Curtiss P-40 Warhawk variants

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P-40 Warhawk
Tomahawk / Kittyhawk
AWM 010926 tomahawk.jpg
Tomahawk of No. 3 Squadron RAAF in North Africa, 23 December 1941.
Role Fighter aircraft
National origin United States
Manufacturer Curtiss-Wright Corporation
Buffalo, New York
Designer Don R. Berlin
First flight 14 October 1938[1]
Retired 1958: FAB (Brazil)
Primary users United States Army Air Forces
Royal Air Force
Royal Australian Air Force
Royal Canadian Air Force
Royal New Zealand Air Force
Many others
Produced 1939–1944
Buffalo, New York
Number built 13,738
Unit cost
US$44,892 in 1944[2]
Developed from Curtiss P-36 Hawk
Variants Curtiss XP-46

The P-40 went through four significant transformations, comprising 10 official variants, in its international military service.

Hawk 81A-1 / P-40B / P-40C / Tomahawk I / Tomahawk IIA and Tomahawk IIB[edit]

Distinguishing Features

Twin nose guns, smaller engine cowling

Time in Service

1941-43

Major Operators
Commentary

This was a very important type for the allies in the early part of the war. Many were destroyed on the ground at Pearl Harbor and in the Philippines in December 1941; it did well with the AVG in China and Burma, and was the most effective fighter available to the RAF in the early months of the Desert War. It was also a small but important part of the Soviet arsenal in 1942, being one of the few types available to them which could take on the Bf 109. The earliest version (P-40) had only four guns and lacked armor plate or self-sealing tanks, but the British pressed these into service into North Africa anyway as Tomahawk Is. The P-40B (Tomahawk IIa) had the same armor, armored windscreen and partially protected fuel tanks, the P-40C (Tomahawk IIb) had a fully protected fuel system and became heavier, reducing speed to under 350 mph. The Soviets reportedly stripped the wing guns from some of their Tomahawks to improve performance.

There were a variety of differences between the British Commonwealth and US variants, (starting with the guns, .303 instead of .30 caliber) so that there is not actually an exact correlation between specific US variants (P-40B etc.) and British Commonwealth export versions (i.e. 'Tomahawk')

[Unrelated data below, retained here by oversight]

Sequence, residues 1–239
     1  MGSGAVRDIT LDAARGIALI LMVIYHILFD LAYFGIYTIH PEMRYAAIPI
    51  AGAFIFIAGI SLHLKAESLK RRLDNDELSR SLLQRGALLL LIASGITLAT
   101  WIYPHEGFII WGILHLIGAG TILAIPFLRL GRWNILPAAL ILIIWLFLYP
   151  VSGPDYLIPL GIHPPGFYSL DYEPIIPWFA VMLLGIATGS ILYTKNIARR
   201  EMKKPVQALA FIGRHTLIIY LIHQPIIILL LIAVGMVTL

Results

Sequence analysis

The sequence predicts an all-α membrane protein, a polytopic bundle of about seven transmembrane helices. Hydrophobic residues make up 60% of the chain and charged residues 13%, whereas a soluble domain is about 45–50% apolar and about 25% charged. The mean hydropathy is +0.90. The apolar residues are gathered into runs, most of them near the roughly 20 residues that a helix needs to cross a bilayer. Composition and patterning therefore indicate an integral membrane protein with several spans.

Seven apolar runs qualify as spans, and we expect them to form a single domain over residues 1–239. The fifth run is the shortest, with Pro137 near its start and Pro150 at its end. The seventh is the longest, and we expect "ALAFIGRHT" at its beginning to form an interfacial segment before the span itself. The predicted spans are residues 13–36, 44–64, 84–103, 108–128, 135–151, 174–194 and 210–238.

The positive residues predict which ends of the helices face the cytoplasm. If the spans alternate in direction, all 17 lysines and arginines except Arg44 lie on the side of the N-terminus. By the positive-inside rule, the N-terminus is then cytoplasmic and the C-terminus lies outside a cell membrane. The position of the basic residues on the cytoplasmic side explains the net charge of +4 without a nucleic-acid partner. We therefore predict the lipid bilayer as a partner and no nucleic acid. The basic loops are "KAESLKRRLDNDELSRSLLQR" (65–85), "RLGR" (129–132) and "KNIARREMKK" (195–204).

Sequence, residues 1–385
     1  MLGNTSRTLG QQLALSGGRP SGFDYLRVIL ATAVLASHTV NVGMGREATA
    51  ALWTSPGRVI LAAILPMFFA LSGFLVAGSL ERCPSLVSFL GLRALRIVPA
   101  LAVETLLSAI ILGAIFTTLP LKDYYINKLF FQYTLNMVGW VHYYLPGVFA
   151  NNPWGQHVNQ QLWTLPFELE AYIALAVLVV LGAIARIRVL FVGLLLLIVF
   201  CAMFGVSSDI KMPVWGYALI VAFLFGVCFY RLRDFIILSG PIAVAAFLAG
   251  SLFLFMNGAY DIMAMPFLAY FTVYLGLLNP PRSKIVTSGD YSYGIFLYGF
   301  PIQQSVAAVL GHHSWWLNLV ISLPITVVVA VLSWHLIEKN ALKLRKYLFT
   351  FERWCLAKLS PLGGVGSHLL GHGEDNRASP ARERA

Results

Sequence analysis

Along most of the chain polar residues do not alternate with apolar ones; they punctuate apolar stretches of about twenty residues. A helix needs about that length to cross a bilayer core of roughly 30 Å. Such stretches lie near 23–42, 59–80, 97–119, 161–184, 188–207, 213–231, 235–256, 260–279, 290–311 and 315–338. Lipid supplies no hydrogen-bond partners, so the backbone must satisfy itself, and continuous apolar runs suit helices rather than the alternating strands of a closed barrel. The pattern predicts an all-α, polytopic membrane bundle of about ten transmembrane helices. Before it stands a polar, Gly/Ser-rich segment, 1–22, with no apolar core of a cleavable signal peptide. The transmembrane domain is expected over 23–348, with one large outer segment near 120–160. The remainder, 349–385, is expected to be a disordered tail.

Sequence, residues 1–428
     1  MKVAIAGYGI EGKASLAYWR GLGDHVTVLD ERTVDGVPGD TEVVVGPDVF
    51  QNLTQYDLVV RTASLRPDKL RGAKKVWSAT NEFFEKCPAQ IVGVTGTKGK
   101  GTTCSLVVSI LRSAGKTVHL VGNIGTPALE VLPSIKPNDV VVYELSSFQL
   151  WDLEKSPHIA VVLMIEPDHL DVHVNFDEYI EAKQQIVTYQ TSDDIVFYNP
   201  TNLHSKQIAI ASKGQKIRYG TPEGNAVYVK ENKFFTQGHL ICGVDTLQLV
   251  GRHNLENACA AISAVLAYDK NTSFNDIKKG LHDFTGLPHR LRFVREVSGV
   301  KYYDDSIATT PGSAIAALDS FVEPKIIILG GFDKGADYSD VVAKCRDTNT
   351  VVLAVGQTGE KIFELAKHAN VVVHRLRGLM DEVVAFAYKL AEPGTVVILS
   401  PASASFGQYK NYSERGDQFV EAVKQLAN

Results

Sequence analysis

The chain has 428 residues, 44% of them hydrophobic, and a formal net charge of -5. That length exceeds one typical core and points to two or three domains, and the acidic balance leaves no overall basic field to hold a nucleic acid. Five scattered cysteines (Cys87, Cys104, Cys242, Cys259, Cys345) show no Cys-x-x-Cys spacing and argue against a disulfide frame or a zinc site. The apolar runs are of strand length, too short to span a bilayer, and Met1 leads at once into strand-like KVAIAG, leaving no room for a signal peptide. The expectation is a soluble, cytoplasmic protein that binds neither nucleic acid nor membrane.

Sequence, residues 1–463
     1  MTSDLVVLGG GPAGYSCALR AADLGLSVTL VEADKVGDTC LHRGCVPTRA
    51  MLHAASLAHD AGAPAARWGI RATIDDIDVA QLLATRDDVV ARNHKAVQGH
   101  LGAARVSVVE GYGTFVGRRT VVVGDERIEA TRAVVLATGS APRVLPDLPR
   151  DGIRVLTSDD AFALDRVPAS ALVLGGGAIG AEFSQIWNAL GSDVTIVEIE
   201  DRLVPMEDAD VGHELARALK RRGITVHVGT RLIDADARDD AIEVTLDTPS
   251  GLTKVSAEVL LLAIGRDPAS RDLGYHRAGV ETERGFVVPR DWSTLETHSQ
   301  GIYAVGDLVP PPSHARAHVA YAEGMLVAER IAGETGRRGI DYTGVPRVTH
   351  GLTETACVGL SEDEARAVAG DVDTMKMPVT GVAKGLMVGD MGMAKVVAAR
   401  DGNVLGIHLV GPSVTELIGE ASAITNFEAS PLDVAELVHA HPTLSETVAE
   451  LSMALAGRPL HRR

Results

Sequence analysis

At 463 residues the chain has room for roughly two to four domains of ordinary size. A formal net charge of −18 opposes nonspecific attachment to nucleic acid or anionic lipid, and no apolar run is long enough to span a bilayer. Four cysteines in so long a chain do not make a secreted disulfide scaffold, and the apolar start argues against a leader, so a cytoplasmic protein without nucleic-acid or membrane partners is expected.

P-40D / P-40E / Kittyhawk Mk 1 / Kittyhawk Mk Ia[edit]

Restored P-40E Warbird in Aleutian "Tiger" markings.
A P-40E-1 piloted by the ace Keith "Bluey" Truscott, September 1942.
Distinguishing Features

Deeper engine cowling, ('definitive' P-40 "Look") Six Gun armament

Time in Service

1942–43

Major Operators
Commentary

This was the first version armed with six .50 caliber machine guns. More powerful than the P-40B/C in terms of both armor, armament and performance, this was the type which fought as a fighter during the most crucial period in both the Pacific and North African campaigns. The P-40E played a major role in the defense of Australia and New Guinea in 1942, and with the Desert Air Force (DAF) in intense fighting against the Luftwaffe and Regia Aeronautica also in 1942. The P-40E was also an important type for the Soviets.

In the Desert War the arrival of the Kittyhawk led to the early retirement of the Bf 109E and its replacement by the faster and more maneuverable Bf 109F. The top scoring DAF squadrons, including No. 3 Squadron RAAF and No. 112 Squadron RAF, transitioned from the Tomahawk to the Kittyhawk, scoring many kills against Luftwaffe and Regia Aeronautica types, helping the DAF hold on through this tough period.

P-40K / P-40M / Kittyhawk Mk III[edit]

Distinguishing Features

P-40K has expanded tail fin, later M models had extended tail